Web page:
Charlie Munger : Art of Stock Pickinghttp://www.scorpioncapitalinc.com/management/documents/Charlie%20...2 of 1812/4/2008 2:32 AM
Which models are the most reliable? Well, obviously, the models that come from hard science and engineering are themost reliable models on this Earth. And engineering quality control
at least the guts of it that matters to you and me andpeople who are not professional engineers
is very much based on the elementary mathematics of Fermat and Pascal:It costs so much and you get so much less likelihood of it breaking if you spend this much. It's all elementary high schoolmathematics. And an elaboration of that is what Deming brought to Japan for all of that quality control stuff.I don't think it's necessary for most people to be terribly facile in statistics. For example, I'm not sure that I can evenpronounce the Poisson distribution. But I know what a Gaussian or normal distribution looks like and I know that eventsand huge aspects of reality end up distributed that way. So I can do a rough calculation.But if you ask me to work out something involving a Gaussian distribution to ten decimal points, I can't sit down and dothe math. I'm like a poker player who's learned to play pretty well without mastering Pascal.And by the way, that works well enough. But you have to understand that bell
shaped curve at least roughly as well as Ido.And, of course, the engineering idea of a backup system is a very powerful idea. The engineering idea of breakpointsthat's a very powerful model, too. The notion of a critical mass that comes out of physics is a very powerful model.All of these things have great utility in looking at ordinary reality. And all of this cost-benefit analysis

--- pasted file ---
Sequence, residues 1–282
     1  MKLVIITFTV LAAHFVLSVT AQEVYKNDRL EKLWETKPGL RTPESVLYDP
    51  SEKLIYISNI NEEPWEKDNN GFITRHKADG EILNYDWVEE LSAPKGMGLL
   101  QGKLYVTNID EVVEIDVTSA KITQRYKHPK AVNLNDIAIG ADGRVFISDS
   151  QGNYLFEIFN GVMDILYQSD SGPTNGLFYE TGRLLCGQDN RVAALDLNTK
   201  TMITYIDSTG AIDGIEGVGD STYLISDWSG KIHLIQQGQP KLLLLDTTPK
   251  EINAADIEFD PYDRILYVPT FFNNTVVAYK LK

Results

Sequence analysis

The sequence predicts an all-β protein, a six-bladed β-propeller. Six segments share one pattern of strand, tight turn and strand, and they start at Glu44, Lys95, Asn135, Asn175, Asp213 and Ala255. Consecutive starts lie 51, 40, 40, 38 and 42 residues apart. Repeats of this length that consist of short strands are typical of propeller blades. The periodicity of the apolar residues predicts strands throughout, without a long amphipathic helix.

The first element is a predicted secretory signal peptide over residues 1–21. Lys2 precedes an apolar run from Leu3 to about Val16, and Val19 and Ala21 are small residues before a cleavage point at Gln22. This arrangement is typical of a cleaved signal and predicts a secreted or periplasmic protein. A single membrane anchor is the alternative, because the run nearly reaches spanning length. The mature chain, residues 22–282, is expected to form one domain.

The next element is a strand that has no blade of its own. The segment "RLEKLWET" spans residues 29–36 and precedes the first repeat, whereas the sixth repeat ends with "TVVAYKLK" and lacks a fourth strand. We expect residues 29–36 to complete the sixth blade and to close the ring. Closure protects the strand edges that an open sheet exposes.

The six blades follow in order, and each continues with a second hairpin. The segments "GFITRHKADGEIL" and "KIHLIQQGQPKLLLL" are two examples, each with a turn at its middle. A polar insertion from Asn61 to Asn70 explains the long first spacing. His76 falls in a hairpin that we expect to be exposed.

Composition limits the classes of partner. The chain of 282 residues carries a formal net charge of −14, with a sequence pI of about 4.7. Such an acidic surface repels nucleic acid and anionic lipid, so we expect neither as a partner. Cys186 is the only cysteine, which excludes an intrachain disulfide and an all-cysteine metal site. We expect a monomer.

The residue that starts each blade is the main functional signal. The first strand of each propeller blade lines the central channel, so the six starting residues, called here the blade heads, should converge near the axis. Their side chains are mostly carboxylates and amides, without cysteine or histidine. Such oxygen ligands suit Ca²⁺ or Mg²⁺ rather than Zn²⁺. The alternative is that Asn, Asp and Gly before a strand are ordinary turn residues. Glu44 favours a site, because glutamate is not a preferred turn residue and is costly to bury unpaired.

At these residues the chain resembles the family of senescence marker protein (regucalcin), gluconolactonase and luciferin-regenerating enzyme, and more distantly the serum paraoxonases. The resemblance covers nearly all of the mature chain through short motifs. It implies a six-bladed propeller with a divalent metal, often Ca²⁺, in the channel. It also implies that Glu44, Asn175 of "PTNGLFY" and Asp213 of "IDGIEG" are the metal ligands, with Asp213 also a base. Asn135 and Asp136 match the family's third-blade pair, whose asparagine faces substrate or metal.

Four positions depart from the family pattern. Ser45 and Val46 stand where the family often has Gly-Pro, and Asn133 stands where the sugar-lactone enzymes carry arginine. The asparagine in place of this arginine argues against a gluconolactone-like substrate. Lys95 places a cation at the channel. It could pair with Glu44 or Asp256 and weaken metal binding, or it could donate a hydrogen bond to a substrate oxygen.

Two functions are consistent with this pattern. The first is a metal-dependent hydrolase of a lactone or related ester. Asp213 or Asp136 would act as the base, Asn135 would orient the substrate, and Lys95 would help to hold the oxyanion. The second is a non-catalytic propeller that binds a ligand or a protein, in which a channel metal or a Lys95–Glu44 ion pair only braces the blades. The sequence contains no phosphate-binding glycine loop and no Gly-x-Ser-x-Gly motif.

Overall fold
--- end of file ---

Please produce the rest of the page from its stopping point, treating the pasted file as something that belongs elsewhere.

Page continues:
hell, that's allelementary high school algebra, too. It's just been dolled up a little bit with fancy lingo.I suppose the next most reliable models are from biology/ physiology because, after all, all of us are programmed by our genetic makeup to be much the same.And then when you get into psychology, of course, it gets very much more complicated. But it's an ungodly importantsubject if you're going to have any worldly wisdom.And you can demonstrate that point quite simply: There's not a person in this room viewing the work of a very ordinaryprofessional magician who doesn't see a lot of things happening that aren't happening and not see a lot of thingshappening that are happening.And the reason why is that the perceptual apparatus of man has shortcuts in it. The brain cannot have unlimited circuitry.So someone who knows how to take advantage of those shortcuts and cause the brain to miscalculate in certain wayscan cause you to see things that aren't there.Now you get into the cognitive function as distinguished from the perceptual function. And there, you are equally morethan equally in fact likely to be misled. Again, your brain has a shortage of circuitry and so forth and it's taking all kindsof little automatic shortcuts.So when circumstances combine in certain ways or more commonly, your fellow man starts acting like the magician andmanipulates you on purpose by causing your cognitive dysfunction you're a patsy.And so just as a man working with a tool has to know its limitations, a man working with his cognitive apparatus has toknow its limitations. And this knowledge, by the way, can be used to control and motivate other people....So the most useful and practical part of psychology which I personally think can be taught to any intelligent person in aweek is ungodly important. And nobody taught it to me by the way. I had to learn it later in life, one piece at a time. Andit was fairly laborious. It's so elementary though that, when it was all over, I felt like a fool.And yeah, I'd been educated at Cal Tech and the Harvard Law School and so forth. So very eminent placesmis-educated people like you and me.The elementary part of psychology
the psychology of misjudgment, as I call it is a terribly important thing to learn.There are about 20 little principles. And they interact, so it gets slightly complicated. But the guts of it is unbelievablyimportant.Terribly smart people make totally bonkers mistakes by failing to pay heed to it. In fact, I've done it several times during
Charlie Munger : Art of Stock Pickinghttp://www.scorpioncapitalinc.com/management/documents/Charlie%20...3 of 1812/4/2008 2:32 AM